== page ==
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Did anyone really think that the club of rich countries, the Organization for Economic Cooperation and Development (OECD), would come up with solutions to the tax abuses of multinational companies? Seven years after the G20 – the 20 leading global economies – tasked the OECD with revising the international tax system, it finally issued a series of proposals. They are as complex as they are disappointing.

At the beginning of the year, optimism reigned. For the first time, countries had agreed that companies should pay tax where their customers, production sites and employees are – and not in tax havens where they merely rent a letterbox. But as the negotiations came to a close, it all seemed to have come to nothing. That shouldn’t surprise anyone though.

The OECD tried to back up its claim to speak for everyone by including developing countries in an ‘inclusive framework’. Nevertheless, of the 137 nations with a seat at the negotiating table only the G7 countries – home to the big multinationals and their lobbyists – had a voice. As a result, notwithstanding the OECD’s proposals, tax havens continue to absorb financial flows almost unchecked. The meagre tax revenues that can be retrieved largely benefit rich countries.

It's time for the EU to step up

This situation was already scandalous. But as the corona pandemic continues to wreak havoc worldwide, it has simply become intolerable. After decades of financial austerity, government institutions are finding it hard to get on top of the situation. According to the report ‘The State of Tax Justice 2020’, recently published by the Tax Justice Network, Public Services International and the Global Alliance for Tax Justice, states are losing more than USD 427bn to tax havens every year.

Hospitals need more money. The education system needs more money. Small businesses on the brink of bankruptcy need more money.

Besides estimating financial losses resulting from tax abuses by companies and private persons country by country, the report also considers the appalling effects on healthcare spending. Worldwide, the tax revenues siphoned off in this way amount to 9.2 per cent of health care budgets. This would pay the wages of 34 million nurses and carers. Even more destructive are the effects in developing countries, where the shortfall represents 52.4 per cent of healthcare spending. The United Kingdom haemorrhages almost USD 40bn a year, an annual per capita loss of USD 607. This represents 18.72 per cent of the UK healthcare budget or the wages of around 840,000 care workers.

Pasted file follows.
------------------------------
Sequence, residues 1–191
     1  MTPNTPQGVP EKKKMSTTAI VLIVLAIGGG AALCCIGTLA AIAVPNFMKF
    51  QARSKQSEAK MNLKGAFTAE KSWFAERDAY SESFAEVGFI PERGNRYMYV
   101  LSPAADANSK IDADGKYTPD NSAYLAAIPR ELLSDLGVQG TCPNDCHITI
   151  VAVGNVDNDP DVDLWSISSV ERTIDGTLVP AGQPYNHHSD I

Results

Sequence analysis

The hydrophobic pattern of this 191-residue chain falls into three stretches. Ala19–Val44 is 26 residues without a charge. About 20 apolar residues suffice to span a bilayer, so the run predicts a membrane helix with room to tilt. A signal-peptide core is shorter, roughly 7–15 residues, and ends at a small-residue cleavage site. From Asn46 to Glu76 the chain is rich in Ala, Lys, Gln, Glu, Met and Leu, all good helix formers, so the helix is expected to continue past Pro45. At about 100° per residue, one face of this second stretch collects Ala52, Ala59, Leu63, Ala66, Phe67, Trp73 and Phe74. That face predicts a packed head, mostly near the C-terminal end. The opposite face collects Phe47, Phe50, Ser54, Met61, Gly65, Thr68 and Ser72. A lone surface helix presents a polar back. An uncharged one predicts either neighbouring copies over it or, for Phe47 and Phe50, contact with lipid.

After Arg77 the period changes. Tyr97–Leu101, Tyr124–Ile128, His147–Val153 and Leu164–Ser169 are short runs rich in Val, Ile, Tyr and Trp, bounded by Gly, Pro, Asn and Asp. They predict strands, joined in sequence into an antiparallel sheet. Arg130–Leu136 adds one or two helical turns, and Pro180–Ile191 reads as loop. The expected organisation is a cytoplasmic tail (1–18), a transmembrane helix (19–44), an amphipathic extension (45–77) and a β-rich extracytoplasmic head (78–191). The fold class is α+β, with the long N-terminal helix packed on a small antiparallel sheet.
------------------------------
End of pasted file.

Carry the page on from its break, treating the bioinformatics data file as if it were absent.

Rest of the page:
Hospitals need more money. The education system needs more money. Small businesses on the brink of bankruptcy need more money. And someone has to foot the bill. These revenues therefore need to be recovered from where they’ve been stashed, namely tax havens. And because the OECD is not up to the job, the European Union needs to step up to implement reforms. One example would be a minimum effective tax rate on company profits.

Ursula von der Leyen has a choice

The Independent Commission for the Reform of International Corporate Taxation (ICRICT), whose members include, besides myself, economists such as Joseph Stiglitz, Thomas Piketty and Gabriel Zucman, sets out from a minimum tax rate of 25 per cent. Even US President-elect Joe Biden is calling for a global minimum of 21 per cent. A lower level – some states favour 12.5 per cent – would trigger a downward spiral in corporate taxation, causing tax revenues to fall even further.

Naturally there is strong opposition even in the EU – for a simple reason. Pointing the finger at small Caribbean islands diverts attention from the tax havens right here in Europe. According to the State of Tax Justice report, the United Kingdom and its overseas territories – aptly described as a ‘spider’s web’ – are responsible for 29 per cent of the USD 245bn global shortfall because of corporate tax abuses. There are other examples in the EU, such as the Netherlands, which pockets around USD 10bn from its EU neighbours. Luxembourg, Ireland, Cyprus and Malta do the same.

For years, these states have blocked every proposed reform by exploiting the unanimity requirement on tax matters. Commission President Ursula von der Leyen, however, has a formidable weapon at her disposal. Article 116 of the EU Treaty requires the same competition rules for all member states – and tax dumping is clearly a violation. That would make it possible to bypass the unanimity requirement and prevent culpable states from siphoning off tax revenues. Ursula von der Leyen has the requisite political influence and also the support of Germany, which holds the Council presidency until the end of the year and is one of the countries hardest hit by tax abuses. And if it runs out of time, Portugal, which assumes the presidency in January, can take up the baton.

Ideally, the Commission would launch a global initiative. Europe is a key market for multinational companies. If that fails, France, Germany, Spain, Italy and other countries could use the ‘enhanced cooperation’ mechanism. This requires that at least seven member states work in tandem. The European Public Prosecutor, for example, was created this way. In the teeth of the second wave of the Corona pandemic, not to mention the danger that Brexit could foster an even mightier tax haven, inaction is just not an option.